try it , You will need to contact your software company to know what is the account the service need to  run with
the GPO, is Group Policy Object used to control your network

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pillsburyrncAuthor Commented:
I went to Start > Programs > Administrative Tools > Local Security Settings > Local Policies > User Rights Assignment. Under "Log on as a service" policy the domain account I am using to run these services is listed. Any other suggestions?
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panikfan1Commented:
You checked that on the server that is running the service?  Not sure what else could be causing your problem in that case.  My issue was a little different but similar.
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pillsburyrncAuthor Commented:
Thanks for your help, anyway.
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ostaehrCommented:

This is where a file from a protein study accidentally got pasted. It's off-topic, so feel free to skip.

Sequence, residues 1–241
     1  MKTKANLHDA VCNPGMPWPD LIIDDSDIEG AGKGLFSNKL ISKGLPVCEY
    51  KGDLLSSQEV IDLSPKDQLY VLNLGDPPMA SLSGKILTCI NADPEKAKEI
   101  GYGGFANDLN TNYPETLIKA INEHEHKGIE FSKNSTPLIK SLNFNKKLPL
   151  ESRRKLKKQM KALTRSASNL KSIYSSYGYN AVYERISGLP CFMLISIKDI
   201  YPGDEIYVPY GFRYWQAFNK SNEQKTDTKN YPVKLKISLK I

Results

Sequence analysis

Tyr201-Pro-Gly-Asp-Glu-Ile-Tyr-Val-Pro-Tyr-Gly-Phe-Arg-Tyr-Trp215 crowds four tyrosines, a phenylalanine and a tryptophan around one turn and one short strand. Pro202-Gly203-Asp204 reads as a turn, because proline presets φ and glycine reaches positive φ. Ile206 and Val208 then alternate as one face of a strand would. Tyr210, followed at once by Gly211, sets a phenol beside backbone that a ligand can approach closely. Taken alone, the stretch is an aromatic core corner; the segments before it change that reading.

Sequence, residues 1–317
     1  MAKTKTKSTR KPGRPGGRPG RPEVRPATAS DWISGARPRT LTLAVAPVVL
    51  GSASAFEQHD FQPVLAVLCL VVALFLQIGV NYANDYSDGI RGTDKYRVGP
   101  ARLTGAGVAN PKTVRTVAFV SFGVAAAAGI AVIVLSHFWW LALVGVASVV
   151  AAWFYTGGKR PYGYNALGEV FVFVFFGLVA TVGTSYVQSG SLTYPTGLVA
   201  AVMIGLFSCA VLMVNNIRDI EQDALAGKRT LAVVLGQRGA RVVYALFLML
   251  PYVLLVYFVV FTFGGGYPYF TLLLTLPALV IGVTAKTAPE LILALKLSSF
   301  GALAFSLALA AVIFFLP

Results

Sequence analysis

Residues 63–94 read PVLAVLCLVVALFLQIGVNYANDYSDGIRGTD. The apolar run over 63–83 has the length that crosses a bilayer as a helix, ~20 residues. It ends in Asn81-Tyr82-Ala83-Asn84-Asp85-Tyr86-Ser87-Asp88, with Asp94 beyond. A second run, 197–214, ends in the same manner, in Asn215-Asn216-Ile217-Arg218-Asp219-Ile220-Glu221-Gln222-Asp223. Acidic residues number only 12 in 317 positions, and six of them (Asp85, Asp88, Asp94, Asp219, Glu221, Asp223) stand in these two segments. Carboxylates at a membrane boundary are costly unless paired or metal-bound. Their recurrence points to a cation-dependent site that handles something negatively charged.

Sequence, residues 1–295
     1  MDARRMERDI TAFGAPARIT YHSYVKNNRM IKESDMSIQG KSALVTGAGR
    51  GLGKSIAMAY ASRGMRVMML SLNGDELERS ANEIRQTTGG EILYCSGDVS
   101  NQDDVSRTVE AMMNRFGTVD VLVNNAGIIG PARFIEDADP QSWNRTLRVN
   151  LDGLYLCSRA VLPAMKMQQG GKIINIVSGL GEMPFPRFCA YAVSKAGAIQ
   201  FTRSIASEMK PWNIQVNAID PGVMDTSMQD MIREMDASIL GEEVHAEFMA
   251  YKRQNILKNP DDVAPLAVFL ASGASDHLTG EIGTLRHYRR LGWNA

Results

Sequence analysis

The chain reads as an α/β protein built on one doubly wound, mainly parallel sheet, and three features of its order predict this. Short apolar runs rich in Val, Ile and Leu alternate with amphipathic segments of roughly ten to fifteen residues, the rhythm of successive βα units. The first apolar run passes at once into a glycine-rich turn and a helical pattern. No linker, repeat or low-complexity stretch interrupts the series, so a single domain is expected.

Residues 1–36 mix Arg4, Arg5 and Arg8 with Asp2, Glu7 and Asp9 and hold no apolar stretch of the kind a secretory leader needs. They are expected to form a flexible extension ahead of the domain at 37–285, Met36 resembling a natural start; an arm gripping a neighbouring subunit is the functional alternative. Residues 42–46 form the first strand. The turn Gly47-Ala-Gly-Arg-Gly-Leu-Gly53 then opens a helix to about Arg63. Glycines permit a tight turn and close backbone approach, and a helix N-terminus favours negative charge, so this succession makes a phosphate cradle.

Did you check the "Log on as service" rights after a reboot or after setting the password and starting the service ?

What happens when you re-enter the password: the local right to log on as service is granted to the account and after that you can start the service.
What happens when you reboot the server: the right might be revoked when the GPO is applied to the server and as a matter of that the service won't start any longer - until you change any setting in the service configuration, e.g. the password, and re-grant the right. Please check the Log on as service rights just after the reboot without touching anything else!

As panikfan1 described you should check your GPO on the domain controller - this is NOT the local security settings / local policies !!
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panikfan1Commented:
Ahh good catch ostaehr... yes the group policy will override the local policy, and the group policies will be re-applied following a restart of the server.  That would explain why it fails to login following the restart.

FYI - You can use the policy results wizard to determine what policies are being applied to the server, which will make it easier to determine what policy needs to be looked at.